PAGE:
In the wake of George Zimmerman’s acquittal in the killing of Trayvon Martin, there has been anger, protests, marches — and everywhere, an outpouring of prayers.

Are those prayers being wielded as an alternative, non-violent weapon? Are they meant to pacify? Just what is it, I wondered, that those responding prayerfully are asking of God?

Nichole Mitchell at the St. Paul Missionary Baptist Church in Sanford, Fla., the morning after the verdict. (Phelan M. Ebenhack/AP)

Most of the public prayers are asking God to keep people from choosing violence. At Friendship Missionary Baptist Church in Liberty City, Fla., the Rev. Gaston Smith told those who gathered after the verdict that judgment and vengeance belong to God.

“Give us healing, not hatred,” he said. “Make us better, not bitter.”

The Rev. Arthur Jackson III, pastor of Miami’s Antioch Missionary Baptist Church, where Trayvon Martin’s mother, Sybrina Fulton attends, said, “They asked me, ‘Will the people in the community arm themselves?’ I said, ‘Yes. We’re armed with power of the Lord.’”

All the vigils have included prayers for Trayvon Martin’s family, of course. In Boulder, Colo., Rev. Donald Matthews, a faculty member of religious studies at Naropa University, included “healing of the spirit of America” in his prayers.

As part of the vigil, Matthews read a poem he wrote for Martin: “Racism was hungry the night you were shot. It is a beast must be fed its regular sacrifice of black, brown, yellow and poor white meat. It must be offered victims on the regular.”

The NAACP’s many vigils have also included Zimmerman in their prayers. As one participant in the Atlanta prayer vigil said, “We don’t want anything to bad happen to George Zimmerman….An eye for an eye and the world goes blind, we know that.”

The NAACP also has a petition on its Web site, demanding that the Justice Department file a civil rights case against Zimmerman.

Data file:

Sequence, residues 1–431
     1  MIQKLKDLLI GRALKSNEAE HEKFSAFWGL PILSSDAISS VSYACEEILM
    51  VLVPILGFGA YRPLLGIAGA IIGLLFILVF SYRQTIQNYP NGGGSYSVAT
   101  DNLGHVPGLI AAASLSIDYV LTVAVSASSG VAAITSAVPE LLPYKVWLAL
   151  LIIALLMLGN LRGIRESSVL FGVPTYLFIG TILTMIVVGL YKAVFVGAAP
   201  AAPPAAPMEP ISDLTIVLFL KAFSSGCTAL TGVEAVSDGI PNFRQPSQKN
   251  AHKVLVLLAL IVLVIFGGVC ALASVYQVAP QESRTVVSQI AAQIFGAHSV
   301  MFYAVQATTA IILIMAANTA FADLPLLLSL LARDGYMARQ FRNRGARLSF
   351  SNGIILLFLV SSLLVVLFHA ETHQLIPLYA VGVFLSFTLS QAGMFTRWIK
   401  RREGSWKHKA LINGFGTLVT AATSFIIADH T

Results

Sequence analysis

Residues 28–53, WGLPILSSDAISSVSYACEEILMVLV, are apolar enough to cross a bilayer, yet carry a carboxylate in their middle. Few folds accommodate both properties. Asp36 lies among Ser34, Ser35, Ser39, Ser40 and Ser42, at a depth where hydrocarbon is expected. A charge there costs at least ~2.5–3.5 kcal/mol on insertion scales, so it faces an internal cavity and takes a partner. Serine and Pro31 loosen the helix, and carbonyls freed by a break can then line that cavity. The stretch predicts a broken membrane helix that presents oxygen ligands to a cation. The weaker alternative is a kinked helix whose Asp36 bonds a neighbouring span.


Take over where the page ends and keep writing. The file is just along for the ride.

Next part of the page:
At Detroit’s Greater St. Matthew Baptist Church, black youth were called to the pulpit, where church elders laid hands on them in prayer and the congregation surrounded them in love.

“We need to pray for peace, pray for this justice system,” said Pastor David Bullock. “What is the life of one of these young people worth? Trayvon didn’t do anything wrong.”

Russell Simmons, founder of hip-hop label Def Jam, published his prayer: “When each person rightfully outraged by Trayvon’s death decides to be even just one degree less judgmental, or hateful or racist in their dealings with the world, then that collective shift will feel like an earthquake shaking this country.”

These prayers do sound like an alternative weapon to me, and they’re certainly a uniting force. Both blacks and whites attended many of the gatherings, which everyone felt safe going to. The anger in Rev. Matthews’ prayer could get a hearing. Calls for justice don’t scare people in a prayer vigil. And they may gain strength from having a holy imprint.

Public prayer is also a special kind of communication. Its words are often directed as much to those people listening as they are to God. But in prayer as opposed to a press statement, there’s a sense of standing before God, of submitting these words to the Ultimate Judge and the Supreme Mover.

Those who doubt or disbelieve may say that God doesn’t seem to move much. But maybe those praying know something the others don’t. I hope so, anyway.

Christine Wicker is author of “Fall of the Evangelical Nation”, and a former religion reporter for the Dallas Morning News. She’s now researching “New Directions in the Study of Prayer,” thanks to a grant from the John Templeton Foundation, and with support from the Social Science Research Council.